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The Dark Relationship Between Alcohol and the Liver

Written by Dr. Group, DC Founder
alcoholic drinks

The liver is one of the most robust and capable organs in the body. It has to be, its function is to process toxins that have entered the body. However, some toxins, like alcohol, can be too much for the liver to process in excessive amounts. Despite the fact that many people do consume alcohol without immediate repercussion, it's important to understand the hardline facts of what alcohol is, what the liver does, and how one affects the performance of the other.

Alcohol is processed differently than food; the stomach and intestines do not contribute to the digestion of alcohol, the liver does. Alcohol is a small molecule and passes directly through the membranes of the digestive system into the bloodstream to the liver. The liver receives almost all the blood flow from the digestive tract; hence the quick effect that happens when you drink alcohol; it's been absorbed directly and the liver receives most of it. The highest concentration of alcohol are found in blood flowing through the liver.

How the Liver Metabolizes Alcohol

The liver is the only organ in your body that can metabolize alcohol. Enzymes secreted by liver cells recognize alcohol as a toxin. In an attempt to break it down, one enzyme in particular, acetate dehydrogenase, transmutes alcohol into a substance known as acetaldehyde. Unfortunately, acetaldehyde is even more toxic than alcohol and its damage is not limited to the liver. Acetaldehyde can combine with liver proteins to form toxic compounds that impair other cellular components and enzymes in the body. Eventually, acetaldehyde is metabolized into acetate which metabolizes into carbon dioxide and, finally, water. Your body then discharges this stuff through the lungs, urine, and perspiration.

How Alcohol Affects the Liver

The Liver Center of Excellence, Virginia Mason Medical Center doesn't mince words in their analysis, stating that alcohol consumption is often a factor in chronic liver diseases and may exacerbate liver concerns. Alcohol increases inflammation in the liver and accelerates fibrosis. Or, rather, scarring. To top it off, alcohol increases the risk for liver cancer and death from liver disease. [1] Although the liver is the primary target, to a degree, regular alcohol consumption irreparably damages nearly every organ. [2] Alcohol offers no nutritional value to the body, yet it is high in empty calories which provide no nutritional benefit to the body. Alcohol is converted to fat that accumulates in the liver and, to a degree, all who consume alcohol will get fat deposits. Fatty liver can progress to alcoholic hepatitis which can progress to cirrhosis. [2]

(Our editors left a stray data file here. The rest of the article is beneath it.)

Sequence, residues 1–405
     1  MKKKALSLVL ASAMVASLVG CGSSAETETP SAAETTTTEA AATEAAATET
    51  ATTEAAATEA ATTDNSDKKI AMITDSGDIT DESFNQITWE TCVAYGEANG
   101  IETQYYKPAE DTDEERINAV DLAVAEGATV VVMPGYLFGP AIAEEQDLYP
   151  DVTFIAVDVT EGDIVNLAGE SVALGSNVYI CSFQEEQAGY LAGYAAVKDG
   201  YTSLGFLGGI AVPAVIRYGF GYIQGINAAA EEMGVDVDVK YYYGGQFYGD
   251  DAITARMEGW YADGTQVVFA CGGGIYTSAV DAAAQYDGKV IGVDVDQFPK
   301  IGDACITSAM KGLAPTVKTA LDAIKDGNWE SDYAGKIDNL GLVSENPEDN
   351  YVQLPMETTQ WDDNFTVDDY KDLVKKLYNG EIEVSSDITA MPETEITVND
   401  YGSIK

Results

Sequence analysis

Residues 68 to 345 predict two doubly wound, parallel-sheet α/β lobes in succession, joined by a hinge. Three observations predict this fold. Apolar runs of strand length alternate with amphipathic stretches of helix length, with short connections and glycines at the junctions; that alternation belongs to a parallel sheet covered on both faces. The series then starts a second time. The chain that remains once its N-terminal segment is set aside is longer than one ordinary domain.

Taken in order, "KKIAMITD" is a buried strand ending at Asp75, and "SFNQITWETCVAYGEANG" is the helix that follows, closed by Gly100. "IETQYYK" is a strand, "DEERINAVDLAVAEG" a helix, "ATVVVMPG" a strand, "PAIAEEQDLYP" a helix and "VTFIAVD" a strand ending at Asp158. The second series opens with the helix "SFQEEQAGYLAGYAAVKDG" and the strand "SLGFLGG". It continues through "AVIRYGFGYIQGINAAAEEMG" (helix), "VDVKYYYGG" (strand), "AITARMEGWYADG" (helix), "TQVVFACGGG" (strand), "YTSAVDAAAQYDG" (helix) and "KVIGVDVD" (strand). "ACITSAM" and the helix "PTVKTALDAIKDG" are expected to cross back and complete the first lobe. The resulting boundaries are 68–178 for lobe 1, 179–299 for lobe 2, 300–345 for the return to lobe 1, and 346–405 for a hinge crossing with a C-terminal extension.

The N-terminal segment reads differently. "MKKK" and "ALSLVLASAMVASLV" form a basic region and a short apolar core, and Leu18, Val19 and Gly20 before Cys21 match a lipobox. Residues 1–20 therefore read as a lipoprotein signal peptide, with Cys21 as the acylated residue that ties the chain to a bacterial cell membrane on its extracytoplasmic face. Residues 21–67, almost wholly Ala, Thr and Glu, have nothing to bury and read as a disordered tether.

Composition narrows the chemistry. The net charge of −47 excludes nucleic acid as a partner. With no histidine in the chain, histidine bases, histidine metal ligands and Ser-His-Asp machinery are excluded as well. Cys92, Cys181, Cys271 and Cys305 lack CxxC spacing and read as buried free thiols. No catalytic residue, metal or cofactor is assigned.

Your Liver May Be Getting a Beating

Think it only happens to other people? Think again. It's sobering to learn that alcohol-induced liver damage is usually not evident. The liver has the capacity to regenerate and surviving with only 10-20% of liver function isn't unheard of. Liver efficacy on a constant decline can sometimes cause the symptoms of liver disease unnoticed until it has progressed substantially How many people probably thought their alcohol consumption was harmless- only to later be shocked by a liver disease diagnosis? Balancing the pleasures of today with the consequence of tomorrow is a delicate scale.

3 Things You Can Do Immediately

  1. Stop drinking alcohol.
  2. Eat foods that known to support the liver.
  3. Perform a full liver cleansing to combat the effect of toxins on your liver.
References (2)
  1. Lee M, Kowdley KV. Alcohol's effect on other chronic liver diseases. Clin Liver Dis. 2012 Nov;16(4):827-37. doi: 10.1016/j.cld.2012.08.010. Review.
  2. Ströhle A, Wolters M, Hahn A. [Alcohol intake--a two-edged sword. Part 1: metabolism and pathogenic effects of alcohol]. Med Monatsschr Pharm. 2012 Aug;35(8):281-92; quiz 293-4. Review. German.

†Results may vary. Information and statements made are for education purposes and are not intended to replace the advice of your doctor. If you have a severe medical condition or health concern, see your physician.


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